London, 11 March 1998 (RFE/RL) -- Chechnya President Aslan Maskhadov has called for the formation of an international commission of lawyers to rule on claims that the Caucasus country was never legally absorbed into the Russian empire.
Maskhadov made the proposal two days ago (Monday) to former British Prime Minister Margaret Thatcher who hosted a dinner for him in London on the first day of an unofficial visit to Britain.
Maskhadov expanded on that proposal yesterday by saying that despite 400 years of Russian pressure, "there is not a single document to which anyone can point under which Chechnya became a part of the Russian empire."
He also said international commentators are wrong to speculate about the tiny Caucasus republic separating from Russia, because -- in his words -- "Chechnya has never been part of Russia."
He spoke at the Royal Institute of International Affairs about the
21-month war which erupted when Moscow sent troops into Chechnya in 1994 to crush its self-proclaimed independence. The war officially ended with the signature of a peace pact last May.
Maskhadov said the proposed panel of international lawyers should
"examine documents which have been in existence since the earliest times of relations between Chechnya and Russia" in order to clarify what he called "the status of those agreements."
He also said that his government, pressing ahead with its drive for
recognition, is to put greater emphasis on cooperation with international organizations such as the U.N. and the Organization for Security and Cooperation in Europe (OSCE).
This was because Moscow had failed to fulfill aspects of several
agreements it has signed with Chechnya which included pledges to base their relationship on the principles of international law and to pay for war damage. He said: "Unfortunately, it's very difficult to make Russia fulfill the agreements that it has signed."
He said Russia sent troops into the mainly-Muslim republic because "it was trying to rebuild its empire and regain control over the territories which the Soviet empire has lost over the past few years. The Chechen people were one of the main obstacles."
He said: "The basis of Kremlin policy has always been to destroy
enemies of the empire and to control and, if necessary, manipulate
rebellious people as a guarantee of the stability of the empire."
Another cause of the 1994-96 Caucasus war was Russian army confidence that a surprise attack would bring a quick victory, summed up by former Defense Minister Pavel Grachev who said he would need "just two hours to conquer and destroy Chechnya."
He said Russia also hoped its "ruthless" seizure of Chechnya would
"scare all other nations of the former Soviet empire from trying to follow the Chechen example by aiming at independent statehood." Moreover, he said the Russian Federation government had also been under strong pressure from the "powerful Russian oil Mafia which has its own greedy interests in the region."
He said more than 120,000 civilians, including 8,000 children, were
killed in the Chechnya war. More than 300 towns and villages were
bombarded, and 50 were totally destroyed, including cities such as Grozny, Gudermes, Argun and Shali. Up to 80 percent of the population lost their homes and were forced to become refugees.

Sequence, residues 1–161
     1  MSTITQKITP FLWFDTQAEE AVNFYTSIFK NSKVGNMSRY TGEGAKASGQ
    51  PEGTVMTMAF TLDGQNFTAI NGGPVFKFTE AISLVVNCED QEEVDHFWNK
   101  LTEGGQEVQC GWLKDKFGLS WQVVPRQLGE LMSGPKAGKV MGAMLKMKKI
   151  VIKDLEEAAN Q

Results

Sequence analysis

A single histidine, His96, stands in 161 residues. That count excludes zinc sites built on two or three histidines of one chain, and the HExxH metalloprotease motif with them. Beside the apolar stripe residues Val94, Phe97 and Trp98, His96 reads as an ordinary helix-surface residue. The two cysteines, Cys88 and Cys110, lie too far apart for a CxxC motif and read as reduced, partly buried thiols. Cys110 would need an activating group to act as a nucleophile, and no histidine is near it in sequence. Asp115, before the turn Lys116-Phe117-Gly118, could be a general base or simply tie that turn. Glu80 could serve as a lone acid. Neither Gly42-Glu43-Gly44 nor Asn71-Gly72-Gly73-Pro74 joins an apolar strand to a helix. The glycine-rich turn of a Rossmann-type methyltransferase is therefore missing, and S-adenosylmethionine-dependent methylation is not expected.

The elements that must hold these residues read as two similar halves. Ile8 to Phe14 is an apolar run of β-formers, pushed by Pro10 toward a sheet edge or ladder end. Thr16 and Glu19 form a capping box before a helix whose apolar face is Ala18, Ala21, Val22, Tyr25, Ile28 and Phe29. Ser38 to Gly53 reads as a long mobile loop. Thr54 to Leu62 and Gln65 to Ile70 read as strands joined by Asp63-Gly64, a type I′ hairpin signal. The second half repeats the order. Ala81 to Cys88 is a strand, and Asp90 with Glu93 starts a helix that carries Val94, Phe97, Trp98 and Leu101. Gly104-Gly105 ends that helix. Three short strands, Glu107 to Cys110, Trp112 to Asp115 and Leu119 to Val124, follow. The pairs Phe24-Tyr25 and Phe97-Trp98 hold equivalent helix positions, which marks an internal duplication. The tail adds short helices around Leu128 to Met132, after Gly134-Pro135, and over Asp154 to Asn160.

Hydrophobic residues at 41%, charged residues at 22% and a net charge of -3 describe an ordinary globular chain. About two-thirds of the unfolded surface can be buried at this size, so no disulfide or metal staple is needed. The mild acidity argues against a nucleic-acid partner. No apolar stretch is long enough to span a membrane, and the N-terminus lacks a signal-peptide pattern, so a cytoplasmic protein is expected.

Maskhadov said many Chechens believe that the wrecked capital, Grozny, should not be rebuilt and should be left in ruins as "a monument to the devastation and horror" of the war. He said the city "should be shown to visitors and tourists as an example of what it means when Russian constitutional order is exerted."
Maskhadov, who has led efforts for more friendly relations with Moscow, said: "We believe that this war taught a lesson to everyone, particularly in Russia, that the time has come for creating a new kind of relationship." He added: "We have never tried to humiliate Russia. It is a superpower, a big country, and it's on our borders. We are going to live with that country forever."
Maskhadov said the failure of the international community to support Chechnya after its independence bid in 1991 was "very painful" to Chechens, and has led to an emphasis on self-reliance.
He expressed confidence that Chechnya and the Caucasus region in
general will attract inward investment because of its rich mineral resources, including oil and gas, and its key geopolitical location on the crossroads between east and west, north and south. He appealed to British business to invest in the Chechen region.
Maskhadov is to have talks with British officials about the cases of two British aid workers held as hostages in Chechnya since last July, but he will not be received by any government ministers.
The Foreign Office said this week that Britain does not recognize Grozny's declaration of independence from Moscow. Russia has warned states not to recognize this self-proclaimed independence, saying such a move would seriously harm ties with Moscow.
Maskhadov, who is traveling on a Russian passport, wore the traditional Astrakhan hat of the Chechen tribes of the Caucasus mountains (known as the "papaha"). He is accompanied by a Chechen delegation of 13 people. Today he will visit London's Imperial War Museum, give an interview to the BBC Russian Service, and attend a reception in London.
His host for the four-day London visit is a former treasurer of the opposition Conservative Party, Lord MacAlpine, who visited Grozny last year.